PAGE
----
This is where I believe most people fail, and it's also where it's most important to succeed, and that’s getting started working on your own projects. It's not easy sometimes to give up the day off so that you can type fifty straight pages of text about your chosen field of expertise, but it's something you have to prepare yourself to do, because if you don't and only wait for those times where you're in a position of, do this or lose something, you're missing a lot of new development and designing time. At least fifty percent of your online efforts, excluding promotion, should go towards new product designs and development.
 
That doesn't mean you have to work overnight or sixteen hours a day seven days a week. I understand that many people have jobs, and others started their businesses to have more free time, not less. So my proposition to you is, next time you're doing a task, ask yourself, is this something that I've been forced to do through circumstance? Fixing bugs, answering mails and so on, or is this something that I picked up, and decided to do off my own back, with no one there to tell me what to do and when to do it. Product creation for example, or report writing, or designing a product, writing sales copy, making the first move in trying to score joint ventures. This kind of work is important, the type that you aren't forced into by circumstance, the only type of work that will move you forward instead of holding you in the same place or even pulling you backwards.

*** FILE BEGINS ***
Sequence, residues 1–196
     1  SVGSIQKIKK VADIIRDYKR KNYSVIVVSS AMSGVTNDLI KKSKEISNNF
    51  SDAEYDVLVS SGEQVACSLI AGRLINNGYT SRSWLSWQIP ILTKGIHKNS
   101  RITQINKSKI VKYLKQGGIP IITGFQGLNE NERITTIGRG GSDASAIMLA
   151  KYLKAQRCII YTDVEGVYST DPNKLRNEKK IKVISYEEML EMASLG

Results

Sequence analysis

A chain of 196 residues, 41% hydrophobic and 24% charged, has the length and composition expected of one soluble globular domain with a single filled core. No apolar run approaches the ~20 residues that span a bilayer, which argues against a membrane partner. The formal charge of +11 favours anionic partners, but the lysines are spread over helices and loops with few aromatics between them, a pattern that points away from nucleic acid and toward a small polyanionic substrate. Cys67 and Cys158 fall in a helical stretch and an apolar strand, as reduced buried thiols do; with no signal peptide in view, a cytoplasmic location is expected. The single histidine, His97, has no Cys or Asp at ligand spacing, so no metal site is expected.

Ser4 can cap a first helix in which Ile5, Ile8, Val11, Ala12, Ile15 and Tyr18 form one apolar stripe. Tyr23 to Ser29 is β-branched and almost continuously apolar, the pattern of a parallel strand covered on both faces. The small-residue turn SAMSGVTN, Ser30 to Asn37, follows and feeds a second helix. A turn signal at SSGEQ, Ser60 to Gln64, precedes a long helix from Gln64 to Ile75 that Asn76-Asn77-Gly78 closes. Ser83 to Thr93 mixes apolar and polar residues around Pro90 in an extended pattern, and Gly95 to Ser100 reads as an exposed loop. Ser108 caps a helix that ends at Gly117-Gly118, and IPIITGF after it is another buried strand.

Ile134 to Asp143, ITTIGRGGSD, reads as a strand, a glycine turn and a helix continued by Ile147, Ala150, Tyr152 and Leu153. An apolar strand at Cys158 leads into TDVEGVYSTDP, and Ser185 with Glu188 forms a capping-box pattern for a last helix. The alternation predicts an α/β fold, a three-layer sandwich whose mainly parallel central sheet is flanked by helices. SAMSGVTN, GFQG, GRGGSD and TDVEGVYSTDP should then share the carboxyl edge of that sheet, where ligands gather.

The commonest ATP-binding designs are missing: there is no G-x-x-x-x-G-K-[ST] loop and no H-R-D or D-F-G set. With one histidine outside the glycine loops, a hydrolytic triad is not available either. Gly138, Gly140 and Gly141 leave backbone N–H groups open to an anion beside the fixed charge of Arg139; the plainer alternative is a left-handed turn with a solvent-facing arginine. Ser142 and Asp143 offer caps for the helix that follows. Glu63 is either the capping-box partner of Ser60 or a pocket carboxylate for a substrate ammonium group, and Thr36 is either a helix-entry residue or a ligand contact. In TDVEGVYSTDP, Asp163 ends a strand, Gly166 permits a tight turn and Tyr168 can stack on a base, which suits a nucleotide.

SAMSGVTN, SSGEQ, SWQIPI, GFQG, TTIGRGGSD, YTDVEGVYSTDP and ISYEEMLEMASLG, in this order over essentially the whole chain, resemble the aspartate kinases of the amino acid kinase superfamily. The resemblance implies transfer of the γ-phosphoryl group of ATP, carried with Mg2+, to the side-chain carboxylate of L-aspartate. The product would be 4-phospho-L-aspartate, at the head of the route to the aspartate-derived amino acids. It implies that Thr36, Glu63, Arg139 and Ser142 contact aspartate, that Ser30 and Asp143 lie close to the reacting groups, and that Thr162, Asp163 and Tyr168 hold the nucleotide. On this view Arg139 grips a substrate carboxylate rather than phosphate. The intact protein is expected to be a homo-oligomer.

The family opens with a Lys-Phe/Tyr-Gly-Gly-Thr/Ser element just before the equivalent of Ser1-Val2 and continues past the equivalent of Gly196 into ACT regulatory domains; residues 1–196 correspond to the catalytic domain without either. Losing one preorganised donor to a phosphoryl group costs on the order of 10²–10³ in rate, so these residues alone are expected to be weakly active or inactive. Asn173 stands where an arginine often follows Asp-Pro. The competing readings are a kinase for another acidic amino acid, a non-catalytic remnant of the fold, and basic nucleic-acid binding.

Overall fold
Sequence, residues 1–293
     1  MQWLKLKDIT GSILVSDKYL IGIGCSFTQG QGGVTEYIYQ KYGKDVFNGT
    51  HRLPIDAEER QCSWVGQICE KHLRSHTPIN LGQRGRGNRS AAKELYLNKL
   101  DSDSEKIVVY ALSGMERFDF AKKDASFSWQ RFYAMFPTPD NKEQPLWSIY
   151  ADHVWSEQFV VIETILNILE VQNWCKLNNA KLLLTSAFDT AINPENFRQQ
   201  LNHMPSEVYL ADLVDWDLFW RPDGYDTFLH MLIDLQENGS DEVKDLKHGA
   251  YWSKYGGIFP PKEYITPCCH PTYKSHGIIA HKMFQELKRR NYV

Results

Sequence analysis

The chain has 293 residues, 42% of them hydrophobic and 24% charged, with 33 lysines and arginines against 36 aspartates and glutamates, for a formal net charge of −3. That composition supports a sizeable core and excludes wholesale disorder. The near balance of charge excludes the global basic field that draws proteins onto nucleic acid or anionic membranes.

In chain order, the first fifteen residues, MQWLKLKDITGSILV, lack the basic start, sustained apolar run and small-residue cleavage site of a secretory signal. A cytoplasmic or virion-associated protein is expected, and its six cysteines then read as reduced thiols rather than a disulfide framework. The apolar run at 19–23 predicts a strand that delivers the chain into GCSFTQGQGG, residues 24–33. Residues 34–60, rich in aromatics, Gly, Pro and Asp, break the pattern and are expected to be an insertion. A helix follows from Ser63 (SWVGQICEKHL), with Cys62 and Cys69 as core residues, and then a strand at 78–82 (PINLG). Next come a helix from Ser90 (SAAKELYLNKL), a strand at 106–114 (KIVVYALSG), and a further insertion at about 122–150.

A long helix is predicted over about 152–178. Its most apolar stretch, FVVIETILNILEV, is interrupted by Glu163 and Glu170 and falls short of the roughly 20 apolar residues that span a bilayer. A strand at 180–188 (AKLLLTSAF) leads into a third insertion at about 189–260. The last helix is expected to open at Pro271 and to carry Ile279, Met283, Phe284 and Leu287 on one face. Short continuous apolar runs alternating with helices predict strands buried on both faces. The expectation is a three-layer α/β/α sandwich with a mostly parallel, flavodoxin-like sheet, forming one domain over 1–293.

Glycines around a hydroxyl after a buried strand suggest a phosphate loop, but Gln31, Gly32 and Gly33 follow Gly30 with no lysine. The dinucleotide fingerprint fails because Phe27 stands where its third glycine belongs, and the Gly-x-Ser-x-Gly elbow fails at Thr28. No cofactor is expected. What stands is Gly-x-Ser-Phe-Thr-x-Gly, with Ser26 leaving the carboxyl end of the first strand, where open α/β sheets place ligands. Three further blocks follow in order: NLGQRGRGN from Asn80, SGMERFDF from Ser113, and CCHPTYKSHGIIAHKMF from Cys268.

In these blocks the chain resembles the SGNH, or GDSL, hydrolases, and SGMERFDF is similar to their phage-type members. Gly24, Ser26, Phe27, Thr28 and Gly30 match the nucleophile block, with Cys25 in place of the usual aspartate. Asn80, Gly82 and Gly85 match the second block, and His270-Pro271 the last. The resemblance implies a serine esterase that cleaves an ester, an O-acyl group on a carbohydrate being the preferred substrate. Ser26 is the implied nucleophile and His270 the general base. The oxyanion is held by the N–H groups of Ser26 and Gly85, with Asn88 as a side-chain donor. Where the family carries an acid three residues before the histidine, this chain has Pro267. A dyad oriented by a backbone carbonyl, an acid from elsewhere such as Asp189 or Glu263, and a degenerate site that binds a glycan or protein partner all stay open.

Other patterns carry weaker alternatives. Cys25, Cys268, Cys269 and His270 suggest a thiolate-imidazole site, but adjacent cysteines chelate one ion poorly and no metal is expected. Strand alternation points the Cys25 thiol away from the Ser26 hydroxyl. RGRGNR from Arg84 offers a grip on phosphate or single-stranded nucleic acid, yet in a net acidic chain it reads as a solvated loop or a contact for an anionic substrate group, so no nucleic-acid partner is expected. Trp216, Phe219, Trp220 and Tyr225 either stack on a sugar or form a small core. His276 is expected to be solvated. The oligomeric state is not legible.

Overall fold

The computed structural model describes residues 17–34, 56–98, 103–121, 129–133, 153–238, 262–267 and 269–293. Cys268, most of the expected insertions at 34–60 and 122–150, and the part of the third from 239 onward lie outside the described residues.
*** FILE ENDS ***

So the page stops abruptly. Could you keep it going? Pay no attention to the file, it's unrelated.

The more time you put in to these aspects of your business, the more you will get out. The more you stick to forced circumstance work, the less you will get out. So the answer is really making the question void. It's not how much time you spend working on your business, it's what you're doing with that time. Spending ten hours with circumstantial tasks like this won't get you anywhere compared to spending one hour doing tasks of your own free will. Control your business, don't let it control you, and you can be sure no matter how much time you spend working your business, it will be time well spent, and you are moving forward. That’s the most important thing.